Tuesday, February 18, 2020

So what does your "smart" car do when it can't get on the 'net?

Rental car won't start because renter drove it to a park in the boondocks.  Rental agency recommends she sleep in the car and see if it starts in the morning:
Over the weekend, a trip to the Californian boonies by Guardian journalist Kari Paul turned into a cautionary tale about the perils of the connected car and the Internet of Things. Paul had rented a car through a local car-sharing service called GIG Car Share, which offers a fleet of hybrid Toyota Priuses and electric Chevrolet Bolt EVs in the Bay Area and Sacramento, with plans to spend the weekend in a more rural part of the state about three hours north of Oakland. But on Sunday, she was left stranded on an unpaved road when the car's telematics system lost its cell signal. Without being able to call home, the rented Prius refused to move.
But I'm sure that the software in autonomous cars will be able to anticipate problems like this and figure out a way around it.  Suuuuuuure.


Miguel GFZ said...


Beans said...

I had to get a relatively new vehicle with an electronic Cthulhu under the hood controlling everything. But at least I didn't get one that communicated through the Aether with other corporate deep ones.

Having a vehicle so 'connected' that it can't work off the net is just plain stupid. So much for use in an emergency, or use toodling around the great outdoors. And anything that is that connected to the world is a prime target for hacking.

Then again, the article talks about Priuses and Volts, so that's just as Miguel above said, very schadentastic.

Who in their right mind says 'Let's rent an E-Car to go camping!'? Oh, never mind. Stupid vegan people who think you can milk an almond. My eyesight is so bad anymore I can't see the teats on the almonds, and the nuts my grandma used to grow were obviously not some genetic mutated cow-nut with udders.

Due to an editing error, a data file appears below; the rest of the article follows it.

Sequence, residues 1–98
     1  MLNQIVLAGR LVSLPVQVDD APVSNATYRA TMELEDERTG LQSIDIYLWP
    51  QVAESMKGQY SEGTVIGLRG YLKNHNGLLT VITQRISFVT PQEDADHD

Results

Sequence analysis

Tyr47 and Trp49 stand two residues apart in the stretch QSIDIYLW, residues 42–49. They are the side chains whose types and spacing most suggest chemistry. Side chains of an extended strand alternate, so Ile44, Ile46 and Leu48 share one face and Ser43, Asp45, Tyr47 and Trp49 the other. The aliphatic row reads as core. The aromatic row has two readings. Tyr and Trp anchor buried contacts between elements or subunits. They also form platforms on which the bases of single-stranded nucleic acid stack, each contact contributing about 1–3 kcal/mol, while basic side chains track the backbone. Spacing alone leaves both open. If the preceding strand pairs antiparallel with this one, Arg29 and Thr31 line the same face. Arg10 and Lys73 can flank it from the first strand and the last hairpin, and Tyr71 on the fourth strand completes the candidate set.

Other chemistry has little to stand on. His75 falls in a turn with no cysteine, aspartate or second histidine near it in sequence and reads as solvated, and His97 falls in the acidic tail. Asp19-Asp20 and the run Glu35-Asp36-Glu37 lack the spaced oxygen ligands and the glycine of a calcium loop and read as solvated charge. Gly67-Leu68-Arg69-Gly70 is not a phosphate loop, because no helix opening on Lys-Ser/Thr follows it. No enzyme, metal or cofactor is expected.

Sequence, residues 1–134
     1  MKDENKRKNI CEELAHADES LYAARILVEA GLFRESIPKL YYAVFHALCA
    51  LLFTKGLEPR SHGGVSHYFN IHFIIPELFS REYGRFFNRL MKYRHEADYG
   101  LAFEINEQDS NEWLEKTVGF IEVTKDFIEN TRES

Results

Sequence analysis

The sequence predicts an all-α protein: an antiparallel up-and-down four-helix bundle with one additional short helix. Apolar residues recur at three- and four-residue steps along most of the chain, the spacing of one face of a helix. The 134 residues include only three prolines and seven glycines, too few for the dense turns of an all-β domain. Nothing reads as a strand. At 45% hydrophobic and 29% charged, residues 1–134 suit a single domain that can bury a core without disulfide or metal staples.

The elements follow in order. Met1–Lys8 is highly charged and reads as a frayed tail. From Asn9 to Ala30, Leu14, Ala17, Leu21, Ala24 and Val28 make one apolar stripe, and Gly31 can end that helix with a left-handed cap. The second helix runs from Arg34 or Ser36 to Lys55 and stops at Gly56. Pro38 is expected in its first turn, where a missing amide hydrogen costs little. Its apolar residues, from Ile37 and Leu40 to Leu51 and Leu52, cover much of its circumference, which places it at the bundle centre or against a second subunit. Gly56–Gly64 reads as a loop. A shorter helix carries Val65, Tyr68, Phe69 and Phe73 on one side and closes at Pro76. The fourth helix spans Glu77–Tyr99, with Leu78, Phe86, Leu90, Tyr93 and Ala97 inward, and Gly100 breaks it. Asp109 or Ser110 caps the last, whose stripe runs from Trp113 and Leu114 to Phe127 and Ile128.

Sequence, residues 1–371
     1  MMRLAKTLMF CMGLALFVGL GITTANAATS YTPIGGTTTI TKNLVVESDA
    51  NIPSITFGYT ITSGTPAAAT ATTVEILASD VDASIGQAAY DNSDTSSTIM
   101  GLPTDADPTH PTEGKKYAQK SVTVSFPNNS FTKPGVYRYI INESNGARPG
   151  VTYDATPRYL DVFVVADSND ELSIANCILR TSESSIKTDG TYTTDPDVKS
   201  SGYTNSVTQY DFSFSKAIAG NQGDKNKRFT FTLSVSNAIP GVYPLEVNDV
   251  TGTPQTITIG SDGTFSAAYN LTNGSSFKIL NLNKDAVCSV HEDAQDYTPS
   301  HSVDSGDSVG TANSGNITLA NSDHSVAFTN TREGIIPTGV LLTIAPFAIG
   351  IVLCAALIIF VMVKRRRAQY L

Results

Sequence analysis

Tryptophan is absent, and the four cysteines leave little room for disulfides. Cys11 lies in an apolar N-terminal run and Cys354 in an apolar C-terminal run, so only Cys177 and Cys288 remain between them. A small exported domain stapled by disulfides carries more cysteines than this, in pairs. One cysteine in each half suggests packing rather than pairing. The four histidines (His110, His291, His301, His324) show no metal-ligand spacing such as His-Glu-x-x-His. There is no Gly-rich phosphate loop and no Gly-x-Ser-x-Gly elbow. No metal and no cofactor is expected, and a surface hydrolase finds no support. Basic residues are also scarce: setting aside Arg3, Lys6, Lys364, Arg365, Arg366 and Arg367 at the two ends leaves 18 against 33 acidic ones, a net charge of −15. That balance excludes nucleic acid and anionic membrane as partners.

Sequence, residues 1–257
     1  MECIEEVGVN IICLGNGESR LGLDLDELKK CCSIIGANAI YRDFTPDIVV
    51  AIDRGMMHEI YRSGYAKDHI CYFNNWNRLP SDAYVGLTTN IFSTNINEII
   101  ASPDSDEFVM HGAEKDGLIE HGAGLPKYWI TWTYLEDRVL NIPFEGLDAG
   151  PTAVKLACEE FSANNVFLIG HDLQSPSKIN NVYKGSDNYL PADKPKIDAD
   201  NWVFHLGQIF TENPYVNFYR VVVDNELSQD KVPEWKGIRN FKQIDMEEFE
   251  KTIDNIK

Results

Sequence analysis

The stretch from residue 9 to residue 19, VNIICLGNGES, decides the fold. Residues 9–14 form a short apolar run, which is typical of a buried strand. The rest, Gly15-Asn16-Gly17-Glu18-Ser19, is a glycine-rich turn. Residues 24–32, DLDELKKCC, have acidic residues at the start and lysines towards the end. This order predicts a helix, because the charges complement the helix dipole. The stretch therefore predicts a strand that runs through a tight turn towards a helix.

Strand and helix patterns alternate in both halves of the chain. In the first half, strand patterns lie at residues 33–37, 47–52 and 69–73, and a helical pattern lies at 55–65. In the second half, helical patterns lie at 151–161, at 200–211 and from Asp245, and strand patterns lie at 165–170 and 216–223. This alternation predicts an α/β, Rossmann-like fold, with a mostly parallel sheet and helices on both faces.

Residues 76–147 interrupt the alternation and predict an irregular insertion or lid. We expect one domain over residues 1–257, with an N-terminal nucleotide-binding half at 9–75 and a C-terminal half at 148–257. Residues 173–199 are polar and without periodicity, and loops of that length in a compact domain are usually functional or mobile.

Aesop said...

Don't worry.

Criminals will never leverage that to trap people in urban kill-and-rob zones.

Because we have Top Men working on preventing it.


Jess said...

I don't like the idea of an automobile that can keep you in your lane, brake when it thinks it's necessary, and can be hacked.

Jason Cato said...

Most car rental agreements have a "no dirt road" clause that is often overlooked. Yes this reveals a weakness, but sounds like piss poor planning by the driver as well.

drjim said...

My Hagerty Insurance website just had a good article on the young lady's troubles. Quite interesting.

Comrade Misfit said...

I'm going to drive my `05 Honda until the wheels fall off.

Will said...

Comrad Msfit:

If it falls off on a freeway type road, look for it 1/4 to as much as 1/2 mile ahead of the vehicle, resting against a wall or guardrail. The only difficulty is getting a jack under the vehicle when it is missing a wheel assembly, as it will be sitting much closer to the ground. remove one lugnut or bolt from each remaining wheel, to re-secure the lost wheel. Proceed to a parts store to replace the missing hardware.

I retrieved many lost wheels when I patrolled CA freeways. BTW, it could end up on either side of the direction you were traveling, and occasionally the opposite side after bouncing over the center divide rail or wall. THAT scenario is when things can get dicey, as closing speeds when hitting a car can be lethal.